The idea of separating sport in general or football specifically from politics is nonsense. In that same year of 1968, Bob Kelly took a stance against communist aggression when Celtic were drawn to play Ferencvaros of Hungary in the European Cup.

As reports the Celtic Wiki, Kelly said: In view of the illegal and treacherous invasion of Czechoslovakia by Russian, Polish and Hungarian forces and in support of the Czech nation, we, the Celtic Football Club, do not think that any Western European Football Club should be forced to fulfil any football commitment in any of these countries.”

The draw was rearranged after protest and counter-protest.

Kelly went on to say: “Celtic will hold their heads high for what they did. If UEFA had ruled against us we would almost certainly have competed only under the strongest type of protest; we might well in the circumstances have withdrawn from the competition. There are things for Celtic more important than money.”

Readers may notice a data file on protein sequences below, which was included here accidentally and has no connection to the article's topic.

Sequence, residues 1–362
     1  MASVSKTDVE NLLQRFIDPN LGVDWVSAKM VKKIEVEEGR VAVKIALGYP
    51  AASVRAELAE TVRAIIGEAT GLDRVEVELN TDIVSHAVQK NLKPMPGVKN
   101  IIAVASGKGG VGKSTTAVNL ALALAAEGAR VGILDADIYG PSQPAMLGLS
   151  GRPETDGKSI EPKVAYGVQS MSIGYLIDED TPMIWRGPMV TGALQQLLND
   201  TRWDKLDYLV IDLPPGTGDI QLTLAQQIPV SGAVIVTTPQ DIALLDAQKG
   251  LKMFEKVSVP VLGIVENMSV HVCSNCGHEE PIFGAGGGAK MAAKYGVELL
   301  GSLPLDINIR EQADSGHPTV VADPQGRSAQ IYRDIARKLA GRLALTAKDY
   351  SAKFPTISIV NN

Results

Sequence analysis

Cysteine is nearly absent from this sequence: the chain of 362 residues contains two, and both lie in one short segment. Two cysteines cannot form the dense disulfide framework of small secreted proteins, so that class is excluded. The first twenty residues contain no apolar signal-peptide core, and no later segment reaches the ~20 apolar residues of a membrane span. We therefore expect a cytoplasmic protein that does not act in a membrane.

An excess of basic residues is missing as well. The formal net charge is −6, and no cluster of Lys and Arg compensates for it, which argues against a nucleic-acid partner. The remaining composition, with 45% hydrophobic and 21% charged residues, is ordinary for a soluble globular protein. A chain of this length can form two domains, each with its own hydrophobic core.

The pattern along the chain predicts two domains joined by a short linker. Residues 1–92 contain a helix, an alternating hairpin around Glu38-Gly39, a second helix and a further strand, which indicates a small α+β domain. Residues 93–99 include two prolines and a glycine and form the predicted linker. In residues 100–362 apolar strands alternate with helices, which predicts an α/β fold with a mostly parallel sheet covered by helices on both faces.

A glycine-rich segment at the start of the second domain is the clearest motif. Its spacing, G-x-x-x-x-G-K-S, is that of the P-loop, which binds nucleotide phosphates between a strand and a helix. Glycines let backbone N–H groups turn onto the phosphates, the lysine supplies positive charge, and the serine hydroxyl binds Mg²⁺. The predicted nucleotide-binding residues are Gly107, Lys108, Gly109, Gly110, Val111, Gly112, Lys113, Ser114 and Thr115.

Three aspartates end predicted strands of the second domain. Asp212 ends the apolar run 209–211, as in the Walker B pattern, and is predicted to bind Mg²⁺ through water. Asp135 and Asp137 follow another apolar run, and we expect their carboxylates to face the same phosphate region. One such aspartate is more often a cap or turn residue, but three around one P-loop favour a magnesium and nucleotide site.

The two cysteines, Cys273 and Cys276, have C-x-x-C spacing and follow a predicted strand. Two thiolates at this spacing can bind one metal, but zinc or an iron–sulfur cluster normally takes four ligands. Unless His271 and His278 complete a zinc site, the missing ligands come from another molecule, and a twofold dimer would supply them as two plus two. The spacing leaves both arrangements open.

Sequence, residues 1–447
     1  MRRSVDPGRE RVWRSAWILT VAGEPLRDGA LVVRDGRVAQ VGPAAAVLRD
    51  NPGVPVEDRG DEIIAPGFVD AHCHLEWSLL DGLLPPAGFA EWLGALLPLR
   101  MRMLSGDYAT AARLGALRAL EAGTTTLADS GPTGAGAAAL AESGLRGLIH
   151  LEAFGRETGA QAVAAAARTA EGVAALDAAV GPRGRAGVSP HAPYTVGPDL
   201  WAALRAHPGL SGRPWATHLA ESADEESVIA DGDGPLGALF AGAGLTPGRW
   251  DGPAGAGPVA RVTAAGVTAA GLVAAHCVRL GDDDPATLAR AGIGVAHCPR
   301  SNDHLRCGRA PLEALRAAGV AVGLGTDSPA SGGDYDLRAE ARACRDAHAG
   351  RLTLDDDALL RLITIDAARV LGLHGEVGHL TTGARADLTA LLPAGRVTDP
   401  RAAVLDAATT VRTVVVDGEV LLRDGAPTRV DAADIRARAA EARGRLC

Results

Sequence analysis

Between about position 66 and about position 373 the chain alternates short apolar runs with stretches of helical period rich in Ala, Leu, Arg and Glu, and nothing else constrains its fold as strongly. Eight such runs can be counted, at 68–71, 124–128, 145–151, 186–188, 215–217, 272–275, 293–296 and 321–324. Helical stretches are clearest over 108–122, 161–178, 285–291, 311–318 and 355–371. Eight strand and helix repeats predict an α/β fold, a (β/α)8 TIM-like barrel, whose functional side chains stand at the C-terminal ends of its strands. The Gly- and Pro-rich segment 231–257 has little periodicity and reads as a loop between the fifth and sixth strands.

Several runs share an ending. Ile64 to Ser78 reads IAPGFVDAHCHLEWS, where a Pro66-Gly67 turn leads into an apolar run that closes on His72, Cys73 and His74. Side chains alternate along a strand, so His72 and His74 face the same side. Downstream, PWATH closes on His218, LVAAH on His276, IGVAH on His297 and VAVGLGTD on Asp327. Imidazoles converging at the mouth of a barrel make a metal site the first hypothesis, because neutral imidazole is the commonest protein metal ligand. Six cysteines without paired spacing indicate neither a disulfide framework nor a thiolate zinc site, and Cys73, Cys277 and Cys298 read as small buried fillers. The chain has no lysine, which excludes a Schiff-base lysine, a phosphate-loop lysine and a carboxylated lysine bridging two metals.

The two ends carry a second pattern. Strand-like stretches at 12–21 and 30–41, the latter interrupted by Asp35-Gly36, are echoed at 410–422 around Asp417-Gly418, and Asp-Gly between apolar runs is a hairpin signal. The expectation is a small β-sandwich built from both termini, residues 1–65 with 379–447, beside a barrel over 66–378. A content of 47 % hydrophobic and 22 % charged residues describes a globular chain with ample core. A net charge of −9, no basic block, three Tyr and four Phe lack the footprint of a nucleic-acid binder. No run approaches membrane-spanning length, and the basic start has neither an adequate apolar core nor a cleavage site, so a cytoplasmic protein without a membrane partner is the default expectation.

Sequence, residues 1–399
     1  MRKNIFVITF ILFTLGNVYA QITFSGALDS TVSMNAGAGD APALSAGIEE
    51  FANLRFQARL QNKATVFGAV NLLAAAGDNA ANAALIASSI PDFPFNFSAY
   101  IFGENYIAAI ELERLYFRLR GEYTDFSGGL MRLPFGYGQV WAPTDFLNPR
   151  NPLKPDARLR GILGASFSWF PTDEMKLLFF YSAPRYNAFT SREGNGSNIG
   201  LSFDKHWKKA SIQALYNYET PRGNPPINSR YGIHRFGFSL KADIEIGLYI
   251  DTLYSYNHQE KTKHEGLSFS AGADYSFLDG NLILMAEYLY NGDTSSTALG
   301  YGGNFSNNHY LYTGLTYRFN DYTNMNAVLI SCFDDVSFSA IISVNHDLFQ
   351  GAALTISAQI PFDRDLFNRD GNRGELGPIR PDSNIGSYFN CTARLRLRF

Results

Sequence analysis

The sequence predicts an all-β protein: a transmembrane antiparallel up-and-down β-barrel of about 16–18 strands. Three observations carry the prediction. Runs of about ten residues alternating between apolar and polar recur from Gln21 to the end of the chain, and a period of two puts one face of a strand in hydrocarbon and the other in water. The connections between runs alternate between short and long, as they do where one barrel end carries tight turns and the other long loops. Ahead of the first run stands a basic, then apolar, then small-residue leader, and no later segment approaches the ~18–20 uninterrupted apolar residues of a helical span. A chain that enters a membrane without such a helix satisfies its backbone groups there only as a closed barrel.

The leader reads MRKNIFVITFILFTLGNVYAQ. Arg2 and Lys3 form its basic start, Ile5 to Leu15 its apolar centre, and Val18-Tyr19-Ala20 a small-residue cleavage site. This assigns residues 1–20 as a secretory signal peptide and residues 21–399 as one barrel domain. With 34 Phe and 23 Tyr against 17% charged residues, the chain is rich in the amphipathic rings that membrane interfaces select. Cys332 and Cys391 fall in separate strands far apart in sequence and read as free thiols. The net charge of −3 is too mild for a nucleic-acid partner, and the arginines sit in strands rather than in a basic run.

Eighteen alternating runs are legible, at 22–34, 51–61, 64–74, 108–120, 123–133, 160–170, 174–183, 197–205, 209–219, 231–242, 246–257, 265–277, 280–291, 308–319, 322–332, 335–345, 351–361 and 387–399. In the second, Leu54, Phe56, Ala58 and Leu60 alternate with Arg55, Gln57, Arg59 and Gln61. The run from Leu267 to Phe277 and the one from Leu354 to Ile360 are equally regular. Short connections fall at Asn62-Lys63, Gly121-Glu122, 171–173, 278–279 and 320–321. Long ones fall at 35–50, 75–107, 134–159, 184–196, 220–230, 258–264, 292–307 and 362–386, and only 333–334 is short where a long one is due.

Kelly’s political stance is far more palatable as a Celtic supporter than the type of appeasement by sporting bodies that saw the swastika fly over Ibrox for a Scotland v Germany game, and Nazi salutes in London in 1936.

People may debate as to whether enough was known about what the Nazis were about at the time, as the above article does. However, there’s no debate about the motives of a group of fans who abuse the memory of Anne Frank and the horrors she suffered, taking a tragic symbol of the depths to which humanity can sink and using it as a badge of dishonour in the name of their football team.

Lazio the club and those among their wider support who abhor this are right to be ashamed of them.

Politics in sport is a complex, multi-layered argument. The default “keep them separate” means absolutely nothing. No one is suggesting people have to agree with every flag, banner or sentiment on display, but when it comes to making statements against the far-right, “vaffanculo Lazio” is a reasonable place to start.